- Only one class of stock is allowed: The S corporation must have only one class, either common or preferred stock. This requirement means that all outstanding shares must have the same voting rights and the same rights to distributions and liquidation proceeds.
- Not be an ineligible corporation: Certain types of businesses, such as financial institutions, insurance companies, and domestic and international sales corporations (DISCs), are not eligible for S corporation status.
- File Form 2553: To elect S Corporation status, the business must file Form 2553, Election by a Small Business Corporation, with the IRS. The form must be filed no later than two months and 15 days after the beginning of the tax year in which the election is to take effect.
S corp vs LLC: What are their differences?
The main differences between an S corp and an LLC are over the following aspects;
- Ownership structure: S corporations are limited to 100 shareholders, all of whom must be U.S. citizens or residents. In contrast, LLCs can have unlimited members, and there are no restrictions on the types of entities or individuals that can be members.
- Management structure: S corporations must have a board of directors and officers responsible for managing the business. On the other hand, LLCs can be managed by the owners themselves or a designated manager.
- Owner employment: In an S corp, owners who work for the company must receive a reasonable salary and are subject to payroll taxes. In contrast, owners of an LLC can take profits without paying payroll taxes, although they are subject to self-employment taxes.
- Stock: S corporations issue stock to shareholders, representing ownership in the company. LLCs do not issue stock; membership interests represent ownership.
- Tax liability and reporting: S corporations are considered pass-through entities for tax purposes, which means that the profits and losses of the business pass through to the shareholders' tax returns. LLCs can also be taxed as pass-through entities, but they also have the option to be taxed as a C corporation or an S corporation.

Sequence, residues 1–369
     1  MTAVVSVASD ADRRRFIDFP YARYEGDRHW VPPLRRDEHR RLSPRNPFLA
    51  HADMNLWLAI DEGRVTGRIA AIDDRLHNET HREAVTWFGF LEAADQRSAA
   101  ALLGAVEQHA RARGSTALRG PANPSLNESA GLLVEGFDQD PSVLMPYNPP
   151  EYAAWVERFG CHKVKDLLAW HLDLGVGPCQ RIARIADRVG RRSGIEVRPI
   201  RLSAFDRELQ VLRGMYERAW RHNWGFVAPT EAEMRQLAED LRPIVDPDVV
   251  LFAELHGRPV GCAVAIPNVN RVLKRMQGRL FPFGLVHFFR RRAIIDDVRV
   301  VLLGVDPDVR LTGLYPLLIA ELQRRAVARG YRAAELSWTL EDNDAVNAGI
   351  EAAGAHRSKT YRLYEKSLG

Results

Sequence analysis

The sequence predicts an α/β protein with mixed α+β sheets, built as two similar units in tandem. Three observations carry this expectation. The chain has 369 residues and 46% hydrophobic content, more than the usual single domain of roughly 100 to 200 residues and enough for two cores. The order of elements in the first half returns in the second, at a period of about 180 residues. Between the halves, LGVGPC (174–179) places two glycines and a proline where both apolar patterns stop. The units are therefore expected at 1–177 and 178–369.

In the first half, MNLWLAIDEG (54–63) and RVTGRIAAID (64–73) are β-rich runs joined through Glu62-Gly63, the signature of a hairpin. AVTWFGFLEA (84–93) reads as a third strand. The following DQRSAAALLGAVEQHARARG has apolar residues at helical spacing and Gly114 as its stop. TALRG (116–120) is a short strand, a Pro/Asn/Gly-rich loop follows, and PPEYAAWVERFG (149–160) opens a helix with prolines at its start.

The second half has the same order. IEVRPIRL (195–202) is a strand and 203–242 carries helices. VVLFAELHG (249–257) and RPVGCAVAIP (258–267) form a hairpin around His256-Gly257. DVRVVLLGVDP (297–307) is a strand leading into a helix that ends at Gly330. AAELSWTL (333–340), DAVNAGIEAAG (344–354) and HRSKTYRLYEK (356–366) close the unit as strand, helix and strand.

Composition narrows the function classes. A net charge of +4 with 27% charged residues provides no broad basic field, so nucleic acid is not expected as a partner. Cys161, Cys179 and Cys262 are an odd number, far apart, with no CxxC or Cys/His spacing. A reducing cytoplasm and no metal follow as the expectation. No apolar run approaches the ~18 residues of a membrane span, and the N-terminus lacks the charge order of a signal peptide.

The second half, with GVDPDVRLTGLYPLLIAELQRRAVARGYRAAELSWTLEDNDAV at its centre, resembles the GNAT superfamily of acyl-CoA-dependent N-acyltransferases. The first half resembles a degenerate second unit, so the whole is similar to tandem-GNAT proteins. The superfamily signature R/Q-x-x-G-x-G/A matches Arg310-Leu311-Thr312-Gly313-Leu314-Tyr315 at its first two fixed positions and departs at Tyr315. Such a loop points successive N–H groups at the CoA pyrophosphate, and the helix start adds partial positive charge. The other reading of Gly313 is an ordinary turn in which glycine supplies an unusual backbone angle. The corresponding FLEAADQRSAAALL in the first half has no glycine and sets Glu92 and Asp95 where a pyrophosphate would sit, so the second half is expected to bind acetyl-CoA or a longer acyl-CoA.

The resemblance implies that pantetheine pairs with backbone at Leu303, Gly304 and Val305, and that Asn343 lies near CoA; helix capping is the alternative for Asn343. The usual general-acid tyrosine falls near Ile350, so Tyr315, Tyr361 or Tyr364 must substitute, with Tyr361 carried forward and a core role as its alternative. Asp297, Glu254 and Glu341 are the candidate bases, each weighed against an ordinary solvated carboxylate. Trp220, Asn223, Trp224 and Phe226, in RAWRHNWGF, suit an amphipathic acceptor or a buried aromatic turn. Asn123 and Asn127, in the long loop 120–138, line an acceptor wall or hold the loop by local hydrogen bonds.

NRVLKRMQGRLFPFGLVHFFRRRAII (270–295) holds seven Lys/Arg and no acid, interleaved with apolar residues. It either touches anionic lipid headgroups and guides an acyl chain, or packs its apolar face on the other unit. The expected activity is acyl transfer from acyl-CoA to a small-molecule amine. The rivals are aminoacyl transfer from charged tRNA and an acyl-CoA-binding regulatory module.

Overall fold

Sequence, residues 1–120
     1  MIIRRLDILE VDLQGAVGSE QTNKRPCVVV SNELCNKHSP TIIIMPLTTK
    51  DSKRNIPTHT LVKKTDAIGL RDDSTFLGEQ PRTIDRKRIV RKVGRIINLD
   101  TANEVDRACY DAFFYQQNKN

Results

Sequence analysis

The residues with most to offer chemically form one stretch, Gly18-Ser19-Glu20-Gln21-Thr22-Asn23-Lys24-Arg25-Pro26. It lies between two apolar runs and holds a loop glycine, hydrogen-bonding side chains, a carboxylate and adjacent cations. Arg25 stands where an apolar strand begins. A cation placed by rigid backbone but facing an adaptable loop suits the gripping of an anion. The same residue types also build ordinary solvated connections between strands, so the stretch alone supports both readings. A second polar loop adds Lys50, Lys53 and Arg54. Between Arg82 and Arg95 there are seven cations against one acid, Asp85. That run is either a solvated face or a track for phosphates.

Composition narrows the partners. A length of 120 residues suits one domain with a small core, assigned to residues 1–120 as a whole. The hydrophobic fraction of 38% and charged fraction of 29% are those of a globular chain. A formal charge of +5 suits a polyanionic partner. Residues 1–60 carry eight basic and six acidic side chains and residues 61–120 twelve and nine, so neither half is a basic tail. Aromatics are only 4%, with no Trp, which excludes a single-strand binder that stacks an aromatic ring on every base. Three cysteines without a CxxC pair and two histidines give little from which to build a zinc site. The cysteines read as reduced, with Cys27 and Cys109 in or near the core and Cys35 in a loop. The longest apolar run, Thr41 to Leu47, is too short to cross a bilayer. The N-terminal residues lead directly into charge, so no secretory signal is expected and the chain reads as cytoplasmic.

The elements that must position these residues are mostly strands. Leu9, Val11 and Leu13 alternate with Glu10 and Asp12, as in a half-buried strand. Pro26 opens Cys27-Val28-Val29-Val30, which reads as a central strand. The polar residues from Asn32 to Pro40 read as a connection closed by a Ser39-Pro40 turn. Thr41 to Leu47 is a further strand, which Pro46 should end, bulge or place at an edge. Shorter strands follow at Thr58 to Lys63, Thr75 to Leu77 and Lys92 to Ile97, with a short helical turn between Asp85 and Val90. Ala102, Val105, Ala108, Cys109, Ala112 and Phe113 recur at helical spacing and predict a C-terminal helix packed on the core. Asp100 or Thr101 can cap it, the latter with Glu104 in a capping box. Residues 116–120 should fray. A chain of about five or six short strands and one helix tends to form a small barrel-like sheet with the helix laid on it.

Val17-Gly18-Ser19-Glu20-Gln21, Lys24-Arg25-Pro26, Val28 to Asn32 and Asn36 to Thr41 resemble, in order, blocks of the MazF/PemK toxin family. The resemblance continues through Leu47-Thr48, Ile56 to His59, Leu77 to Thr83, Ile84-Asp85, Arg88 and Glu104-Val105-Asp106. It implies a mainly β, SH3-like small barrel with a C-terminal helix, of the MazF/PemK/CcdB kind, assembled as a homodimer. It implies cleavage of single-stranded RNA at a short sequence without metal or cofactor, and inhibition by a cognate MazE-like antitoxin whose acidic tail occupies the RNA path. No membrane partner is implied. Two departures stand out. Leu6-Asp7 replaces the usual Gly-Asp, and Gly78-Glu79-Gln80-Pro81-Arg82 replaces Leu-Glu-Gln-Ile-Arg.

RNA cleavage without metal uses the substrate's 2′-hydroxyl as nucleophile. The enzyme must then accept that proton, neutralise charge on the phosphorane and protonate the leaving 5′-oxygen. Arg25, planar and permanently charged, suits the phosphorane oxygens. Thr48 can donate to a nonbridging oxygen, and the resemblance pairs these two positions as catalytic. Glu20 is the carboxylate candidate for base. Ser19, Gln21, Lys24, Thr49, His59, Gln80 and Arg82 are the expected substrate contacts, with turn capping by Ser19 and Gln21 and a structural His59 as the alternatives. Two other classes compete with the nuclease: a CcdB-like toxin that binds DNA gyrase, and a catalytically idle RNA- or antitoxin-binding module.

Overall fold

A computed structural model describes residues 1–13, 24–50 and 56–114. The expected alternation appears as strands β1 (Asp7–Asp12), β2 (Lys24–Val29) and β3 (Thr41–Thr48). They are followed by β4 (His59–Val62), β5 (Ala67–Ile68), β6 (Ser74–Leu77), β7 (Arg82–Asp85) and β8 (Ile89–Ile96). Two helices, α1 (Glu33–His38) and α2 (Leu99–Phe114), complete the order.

- Allocation of profits and losses: In an S Corporation, profits and losses are allocated based on each shareholder’s stock percentage. In an LLC, profits and losses are allocated according to the operating agreement, which can be based on ownership percentage or other criteria.
- Transferability of ownership: Shares of an S Corporation can be bought and sold, but there are restrictions on who can own stock. In an LLC, ownership interests can be bought and sold more easily, although transfer restrictions can be included in the operating agreement.
S corp vs LLC: Are there any similarities?
There are a few similarities between these two structures, with the main ones being;
- Limited liability protection: Both LLCs and S corporations offer limited liability protection to their owners. This provides protection over the owner’s personal assets from the business's debts and liabilities.